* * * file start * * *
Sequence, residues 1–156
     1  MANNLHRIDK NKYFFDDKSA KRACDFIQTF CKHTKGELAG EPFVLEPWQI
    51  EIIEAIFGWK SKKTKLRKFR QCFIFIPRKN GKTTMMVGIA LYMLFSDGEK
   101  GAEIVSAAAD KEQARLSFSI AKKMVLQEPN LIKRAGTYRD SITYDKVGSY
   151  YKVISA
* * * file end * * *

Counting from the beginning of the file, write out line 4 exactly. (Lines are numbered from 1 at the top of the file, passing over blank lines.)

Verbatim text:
   101  GAEIVSAAAD KEQARLSFSI AKKMVLQEPN LIKRAGTYRD SITYDKVGSY